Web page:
24 February 2009

1000 human genomes ! How !#@$* do you manage 1000 genomes ??!

The 1000 genomes project (http://www.1000genomes.org/page.php) has started to release its data. The 1000 Genomes Project is an international research consortium formed to create the most detailed and medically useful picture to date of human genetic variation. The project involves sequencing the genomes of approximately 1200 people from around the world

The data are already available on the ftp site. TONS of short reads are here. For example here are the first lines of a FASTQ file ftp://ftp.1000genomes.ebi.ac.uk/data/NA12878/sequence_read/SRR001113.recal.fastq.gz.

size of the file: 1.325.489.979 octets
number of lines: 36.193.608
number of short reads: 9.048.402
number of distinct short reads without any N : 8.591.003
number of short reads without any ‘N’: 6.301.673
number of distinct short reads without any ‘N’: 6.260.140

How many fastq files are there ? 8215 fastq files.
(Just curious: how do you backup this amount of data ?)

And, now, here HE comes: the USER.
The USER and his !#@$ questions.

  • For an given rs number , where is it located on those 1000 genomes ?

  • Here is a new SNP in my favorite gene. Is it a true SNP? I want to see the short reads and their qualities aligned for this SNP

  • For a given SNP, what is its location on the reference sequence ? on Watson's sequence ? on celera assembly ?

  • I want to see all the snps in a given region for a given individual and his parents

  • Is this mutation (e.g. substitution) on this individual is the same on another individual (e.g. insertion) ?

  • ...

How do you store and manage this amount of information ? In a classical RDBM ?! My colleague Mario Foglio is currently looking for another alternative(s).




baoilleach said...

Would pygr be useful? e.g. http://code.google.com/p/pygr/wiki/DataStorageUsingpygr

Jan Aerts said...


Here at Sanger/EBI we do _not_ put those files in a database. Databases just can't handle that amount of data.

Alignments in the 1000genomes project are now made available as bam-files ("binary SAM") and we use the SAMtools API to get information out. For example "samtools view aln.sorted.bam chr2:20,100,000-20,200,000" will extract that region from the named bam-file and convert it to human-readable text. See http://samtools.sourceforge.net for more information.

Pierre Lindenbaum said...

Thanks Jan, this is very useful. But another problem here is how to handle the information about the SNPs. I'm still investigating.

cariaso said...

I am very interested in any rs# related solutions you may build/find.

Andrew Dalke said...

That's about 10TB of data. Figuring $200/TB storage means $2000 to store/back up the data on hard disks. Roll-your-own RAID and the cost is probably $4000 or so.

You can buy retail "home" NAS (designed for movie storage) for 15TB for $15K and Sun's high-end storage systems go up to 574 TB for lots-of-money.

Backups depends on your requirements. You don't likely want the archival quality that tape gives you. After all, you can always refetch the data. So RAID might be enough. I did find an estimate from 2005 that a corporate IT tape backup system for 500 TB costs $250,000. Scaling gives about $5,000 for 10TB.

A big question is - how do you download that amount of data? A T3 line would need 22 days. OC12 would take 1.6 days. Shipping hard drives would likely be the fastest.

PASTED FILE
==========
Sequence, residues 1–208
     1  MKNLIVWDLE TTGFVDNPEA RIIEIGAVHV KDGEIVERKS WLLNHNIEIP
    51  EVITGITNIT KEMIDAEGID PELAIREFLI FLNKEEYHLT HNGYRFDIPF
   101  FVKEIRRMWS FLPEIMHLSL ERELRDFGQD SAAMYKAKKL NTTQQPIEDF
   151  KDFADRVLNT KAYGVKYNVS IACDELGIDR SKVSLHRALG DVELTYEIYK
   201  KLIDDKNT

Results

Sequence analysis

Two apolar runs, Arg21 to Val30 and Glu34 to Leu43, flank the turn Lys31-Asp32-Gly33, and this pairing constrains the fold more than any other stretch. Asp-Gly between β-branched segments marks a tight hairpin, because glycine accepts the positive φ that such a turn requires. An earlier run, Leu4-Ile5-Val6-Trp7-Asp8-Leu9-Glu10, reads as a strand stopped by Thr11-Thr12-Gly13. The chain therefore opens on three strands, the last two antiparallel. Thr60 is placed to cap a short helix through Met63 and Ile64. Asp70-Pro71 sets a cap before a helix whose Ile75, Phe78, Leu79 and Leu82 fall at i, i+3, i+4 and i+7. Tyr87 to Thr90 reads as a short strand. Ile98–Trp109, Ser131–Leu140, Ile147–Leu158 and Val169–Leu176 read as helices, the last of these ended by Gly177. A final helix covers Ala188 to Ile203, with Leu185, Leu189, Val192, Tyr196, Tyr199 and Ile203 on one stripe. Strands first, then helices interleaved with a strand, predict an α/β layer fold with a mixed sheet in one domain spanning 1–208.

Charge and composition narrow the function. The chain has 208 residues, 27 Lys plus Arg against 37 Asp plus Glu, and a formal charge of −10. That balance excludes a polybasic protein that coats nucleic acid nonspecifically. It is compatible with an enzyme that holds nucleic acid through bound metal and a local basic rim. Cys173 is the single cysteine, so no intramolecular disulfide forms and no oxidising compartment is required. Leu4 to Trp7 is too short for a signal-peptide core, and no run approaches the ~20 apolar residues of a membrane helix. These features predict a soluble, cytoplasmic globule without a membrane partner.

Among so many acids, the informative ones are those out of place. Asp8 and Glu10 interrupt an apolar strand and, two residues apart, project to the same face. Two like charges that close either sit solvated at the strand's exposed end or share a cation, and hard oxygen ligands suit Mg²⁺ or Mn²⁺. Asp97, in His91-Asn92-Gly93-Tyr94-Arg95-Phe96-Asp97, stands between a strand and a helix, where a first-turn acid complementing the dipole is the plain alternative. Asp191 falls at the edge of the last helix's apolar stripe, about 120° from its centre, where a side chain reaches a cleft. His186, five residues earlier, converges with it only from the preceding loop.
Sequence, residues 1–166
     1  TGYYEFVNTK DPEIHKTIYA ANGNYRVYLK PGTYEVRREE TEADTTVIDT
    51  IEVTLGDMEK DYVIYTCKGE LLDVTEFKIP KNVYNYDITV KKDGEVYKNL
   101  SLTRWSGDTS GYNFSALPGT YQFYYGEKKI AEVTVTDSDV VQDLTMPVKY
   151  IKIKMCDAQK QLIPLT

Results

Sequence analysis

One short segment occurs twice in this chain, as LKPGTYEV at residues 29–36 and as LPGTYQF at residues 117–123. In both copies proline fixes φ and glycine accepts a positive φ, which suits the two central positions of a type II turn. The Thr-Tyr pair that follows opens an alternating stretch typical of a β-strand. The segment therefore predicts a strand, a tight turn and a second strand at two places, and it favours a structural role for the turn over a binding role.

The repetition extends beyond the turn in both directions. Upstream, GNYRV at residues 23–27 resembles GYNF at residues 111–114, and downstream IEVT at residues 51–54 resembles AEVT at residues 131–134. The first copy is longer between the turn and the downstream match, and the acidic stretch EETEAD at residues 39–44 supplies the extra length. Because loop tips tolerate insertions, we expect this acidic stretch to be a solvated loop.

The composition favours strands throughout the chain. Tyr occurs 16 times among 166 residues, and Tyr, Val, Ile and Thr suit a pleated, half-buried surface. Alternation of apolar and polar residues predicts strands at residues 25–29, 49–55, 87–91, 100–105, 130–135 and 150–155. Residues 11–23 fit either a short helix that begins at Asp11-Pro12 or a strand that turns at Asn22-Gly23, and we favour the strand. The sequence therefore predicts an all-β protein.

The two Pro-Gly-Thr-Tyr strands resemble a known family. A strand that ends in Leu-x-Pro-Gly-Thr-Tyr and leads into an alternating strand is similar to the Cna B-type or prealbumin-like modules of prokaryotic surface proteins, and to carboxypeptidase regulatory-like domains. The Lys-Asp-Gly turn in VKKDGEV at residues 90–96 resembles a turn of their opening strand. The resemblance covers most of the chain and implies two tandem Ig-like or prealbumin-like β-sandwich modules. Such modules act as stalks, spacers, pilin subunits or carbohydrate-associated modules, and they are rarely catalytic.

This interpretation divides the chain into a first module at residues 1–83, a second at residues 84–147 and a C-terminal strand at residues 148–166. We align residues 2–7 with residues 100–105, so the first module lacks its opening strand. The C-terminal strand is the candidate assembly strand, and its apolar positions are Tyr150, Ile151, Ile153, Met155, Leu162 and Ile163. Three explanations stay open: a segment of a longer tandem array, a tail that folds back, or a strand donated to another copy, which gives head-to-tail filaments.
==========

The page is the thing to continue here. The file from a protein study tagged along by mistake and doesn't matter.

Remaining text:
Of course, easiest would be to use Amazon's S3. 10TB is in the smallest storage tier for them, and would cost $1500/month and $1000 to transfer the data. In this case they would also manage the backups for you so you wouldn't need on-site staff to manage that, and you would get to use their impressive bandwidth.

The cheapest tier at S3 is for those with over 500 TB storage.

1000 genomes is big data, sure, but there's plenty bigger in the world and there are off-the-shelf and service solutions if you have the money.

Tim Yates said...

This smells like a bloom filter requirement... It won't tell you where the answer is, but it should quickly let you know where it isn't... Of course, that depends on knowing what the question is going to be before hand... :-(

dalloliogm said...

We are thinking about using HDF5 files to store snp data and associated annotations, but we are not still sure on the format.

dalloliogm said...

Moreover, it seems that snp data for 1000 genomes will be released with the VCF format. A tool to parse VCF files and merge them with BED files is available at http://vcftools.sf.net , and probably others libraries are coming.

Sean Davis said...

Keep in mind that BAM format files can be read via random access directly from the web. So, using appropriate tools (see samtools and picard), you can read only the reads that overlap your rs of interest. Of course, having the reads in hand won't give you the genotype directly.

Also, take a look at the Integrative Genome Viewer (IGV) from the Broad. Again, it reads only the parts of the file that are requested and over http, so the entire file need not be stored on a local disk.

Lee Watkins said...

PacBio data is even bigger than other NGS platforms (HiSeq, 454 etc.), so data from their primary analysis pipeline is stored as 4 kinds of HDF5 files AND they provide Java and R APIs into them as well as conversion utilities to SAM/BAM, VCF and BED file formats. So they must be able to represent all the same information in the HDF5 files as is contained in those other file formats, which means you could too. Then the question becomes whether you spend so much time converting from one format to the other that it's not really worth storing the data in HDF5 in the first place, unless you re-work everything to do I/O directly from HDF files, e.g., using the Java API.